BACKGROUND Intraoperative injury during endoscopic endonasal surgery of the carotid artery has been previously described in the literature. However, the accidental damage of the basilar artery in such scenario is not defined. OBJECTIVE To define the protocol of action for massive bleeding from an artery in the posterior fossa. METHODS The reported patient was diagnosed with a partially calcified clival chordoma featured by a huge intradural component. An endoscopic endonasal transpterygoid transclival approach was selected for the treatment of this tumor. During the surgical procedure, the basilar artery injury was injured, causing intense bleeding. We present and discuss the surgical maneuvers that could save a patient's life after this dramatic complication. RESULTS Different techniques were performed in order to control the massive bleeding, including injection of hemotastic matrix with thrombin (Floseal©), bipolar coagulation, and vessel reconstruction by means of a vascular clip. Finally, an autologous muscle graft reinforced with an overlying fibrin sealant patch (Tachosil©) was chosen and was an effective technique. Afterwards, the patient was treated with a flow diverter device to occlude an iatrogenic pseudoaneurysm. A monoplegia of the right upper limb was the only remarkable sequel 6 mo after surgery. CONCLUSION The muscle graft together with the coordinated action with interventional neuroradiology for the reconstruction of the vessel are possibly the best options to try to preserve the neurological function. In such a scenario, the assumption of potential ischemic events prevails over the intraoperative death of the patient.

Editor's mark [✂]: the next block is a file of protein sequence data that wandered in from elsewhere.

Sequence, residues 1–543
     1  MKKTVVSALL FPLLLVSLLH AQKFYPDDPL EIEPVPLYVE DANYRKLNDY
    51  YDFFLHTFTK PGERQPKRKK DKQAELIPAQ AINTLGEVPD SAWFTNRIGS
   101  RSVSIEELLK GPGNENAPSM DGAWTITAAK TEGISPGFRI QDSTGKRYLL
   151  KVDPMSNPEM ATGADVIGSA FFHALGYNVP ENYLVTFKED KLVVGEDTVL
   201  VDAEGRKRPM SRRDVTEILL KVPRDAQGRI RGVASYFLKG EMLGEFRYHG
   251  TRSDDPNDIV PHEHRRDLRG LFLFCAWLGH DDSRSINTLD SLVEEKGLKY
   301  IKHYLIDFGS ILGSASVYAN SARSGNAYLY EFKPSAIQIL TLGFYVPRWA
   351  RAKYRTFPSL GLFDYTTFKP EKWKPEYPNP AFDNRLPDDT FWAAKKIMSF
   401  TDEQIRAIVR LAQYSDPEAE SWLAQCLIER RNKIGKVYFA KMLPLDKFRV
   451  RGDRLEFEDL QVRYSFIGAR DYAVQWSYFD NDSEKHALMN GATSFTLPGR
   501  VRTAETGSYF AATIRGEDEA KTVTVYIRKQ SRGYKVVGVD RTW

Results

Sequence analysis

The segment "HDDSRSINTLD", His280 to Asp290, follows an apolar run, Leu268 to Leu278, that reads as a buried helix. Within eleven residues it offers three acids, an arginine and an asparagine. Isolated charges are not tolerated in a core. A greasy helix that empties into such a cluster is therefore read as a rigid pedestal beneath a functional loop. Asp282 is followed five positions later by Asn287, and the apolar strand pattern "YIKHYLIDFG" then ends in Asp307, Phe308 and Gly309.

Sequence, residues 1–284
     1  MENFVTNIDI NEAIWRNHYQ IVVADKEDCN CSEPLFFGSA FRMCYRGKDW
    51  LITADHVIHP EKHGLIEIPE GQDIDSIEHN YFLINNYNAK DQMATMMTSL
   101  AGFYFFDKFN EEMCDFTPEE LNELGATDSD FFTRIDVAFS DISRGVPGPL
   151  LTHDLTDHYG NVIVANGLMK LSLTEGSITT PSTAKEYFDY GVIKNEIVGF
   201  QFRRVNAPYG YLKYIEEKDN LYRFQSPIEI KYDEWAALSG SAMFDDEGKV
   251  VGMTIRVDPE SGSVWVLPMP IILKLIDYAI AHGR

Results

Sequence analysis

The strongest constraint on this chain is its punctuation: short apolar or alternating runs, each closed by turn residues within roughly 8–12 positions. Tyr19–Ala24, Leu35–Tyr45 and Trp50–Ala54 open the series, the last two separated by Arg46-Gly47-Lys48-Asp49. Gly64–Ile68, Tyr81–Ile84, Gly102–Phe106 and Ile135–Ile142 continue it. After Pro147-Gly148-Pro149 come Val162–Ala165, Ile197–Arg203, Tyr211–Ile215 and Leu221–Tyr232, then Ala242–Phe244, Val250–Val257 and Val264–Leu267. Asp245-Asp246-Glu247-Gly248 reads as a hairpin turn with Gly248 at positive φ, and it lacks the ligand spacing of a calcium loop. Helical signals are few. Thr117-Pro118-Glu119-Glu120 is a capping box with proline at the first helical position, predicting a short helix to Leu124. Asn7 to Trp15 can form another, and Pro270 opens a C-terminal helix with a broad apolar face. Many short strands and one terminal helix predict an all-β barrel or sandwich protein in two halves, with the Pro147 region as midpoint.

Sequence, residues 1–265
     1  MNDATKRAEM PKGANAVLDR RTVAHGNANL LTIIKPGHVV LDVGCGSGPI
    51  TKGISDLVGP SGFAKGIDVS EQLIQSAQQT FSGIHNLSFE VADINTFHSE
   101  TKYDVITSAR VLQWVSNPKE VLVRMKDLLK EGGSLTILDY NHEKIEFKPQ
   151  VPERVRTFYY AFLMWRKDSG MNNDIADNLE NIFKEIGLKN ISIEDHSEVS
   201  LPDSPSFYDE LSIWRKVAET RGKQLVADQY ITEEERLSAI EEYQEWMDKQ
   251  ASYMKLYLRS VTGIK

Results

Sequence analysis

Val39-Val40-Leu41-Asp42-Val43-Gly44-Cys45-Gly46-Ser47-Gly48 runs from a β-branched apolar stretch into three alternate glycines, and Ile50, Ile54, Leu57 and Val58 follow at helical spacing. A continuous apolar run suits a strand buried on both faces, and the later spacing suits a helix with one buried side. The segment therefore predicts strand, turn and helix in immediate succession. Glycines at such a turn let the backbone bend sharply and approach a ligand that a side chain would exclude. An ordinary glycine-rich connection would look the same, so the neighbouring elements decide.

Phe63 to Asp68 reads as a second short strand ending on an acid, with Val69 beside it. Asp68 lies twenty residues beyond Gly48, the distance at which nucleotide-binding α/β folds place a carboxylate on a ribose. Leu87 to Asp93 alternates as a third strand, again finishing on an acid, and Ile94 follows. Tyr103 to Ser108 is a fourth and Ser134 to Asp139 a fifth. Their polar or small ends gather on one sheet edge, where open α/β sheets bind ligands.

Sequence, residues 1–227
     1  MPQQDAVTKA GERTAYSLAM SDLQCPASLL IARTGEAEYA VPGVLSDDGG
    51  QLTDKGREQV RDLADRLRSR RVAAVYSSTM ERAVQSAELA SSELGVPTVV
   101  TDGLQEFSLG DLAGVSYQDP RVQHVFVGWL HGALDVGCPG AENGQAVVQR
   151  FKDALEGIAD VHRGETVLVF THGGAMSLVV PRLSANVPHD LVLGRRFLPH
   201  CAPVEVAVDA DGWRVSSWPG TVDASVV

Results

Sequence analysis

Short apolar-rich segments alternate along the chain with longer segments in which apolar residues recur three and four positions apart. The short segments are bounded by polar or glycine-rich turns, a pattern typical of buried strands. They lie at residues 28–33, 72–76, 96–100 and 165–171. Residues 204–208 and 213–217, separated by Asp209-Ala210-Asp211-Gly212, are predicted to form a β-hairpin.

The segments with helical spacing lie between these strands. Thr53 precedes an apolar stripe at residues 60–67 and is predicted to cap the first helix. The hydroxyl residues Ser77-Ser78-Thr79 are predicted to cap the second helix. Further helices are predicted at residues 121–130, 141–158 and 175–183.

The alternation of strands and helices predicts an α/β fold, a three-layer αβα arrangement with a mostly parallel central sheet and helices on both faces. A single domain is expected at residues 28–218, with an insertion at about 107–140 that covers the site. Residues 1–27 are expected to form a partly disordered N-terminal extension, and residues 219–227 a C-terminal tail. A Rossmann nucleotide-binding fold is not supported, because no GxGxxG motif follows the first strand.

ObjectiveTo assess the effect of the first wave of the SARS-CoV-2 pandemic on the outcome of neurosurgical patients in Spain.SettingsThe initial flood of COVID-19 patients overwhelmed an unprepared healthcare system. Different measures were taken to deal with this overburden. The effect of these measures on neurosurgical patients, as well as the effect of COVID-19 itself, has not been thoroughly studied.ParticipantsThis was a multicentre, nationwide, observational retrospective study of patients who underwent any neurosurgical operation from March to July 2020.InterventionsAn exploratory factorial analysis was performed to select the most relevant variables of the sample.Primary and secondary outcome measuresUnivariate and multivariate analyses were performed to identify independent predictors of mortality and postoperative SARS-CoV-2 infection.ResultsSixteen hospitals registered 1677 operated patients. The overall mortality was 6.4%, and 2.9% (44 patients) suffered a perioperative SARS-CoV-2 infection. Of those infections, 24 were diagnosed postoperatively. Age (OR 1.05), perioperative SARS-CoV-2 infection (OR 4.7), community COVID-19 incidence (cases/105 people/week) (OR 1.006), postoperative neurological worsening (OR 5.9), postoperative need for airway support (OR 5.38), ASA grade ≥3 (OR 2.5) and preoperative GCS 3–8 (OR 2.82) were independently associated with mortality. For SARS-CoV-2 postoperative infection, screening swab test <72 hours preoperatively (OR 0.76), community COVID-19 incidence (cases/105 people/week) (OR 1.011), preoperative cognitive impairment (OR 2.784), postoperative sepsis (OR 3.807) and an absence of postoperative complications (OR 0.188) were independently associated.ConclusionsPerioperative SARS-CoV-2 infection in neurosurgical patients was associated with an increase in mortality by almost fivefold. Community COVID-19 incidence (cases/105 people/week) was a statistically independent predictor of mortality.Trial registration numberCEIM 20/217.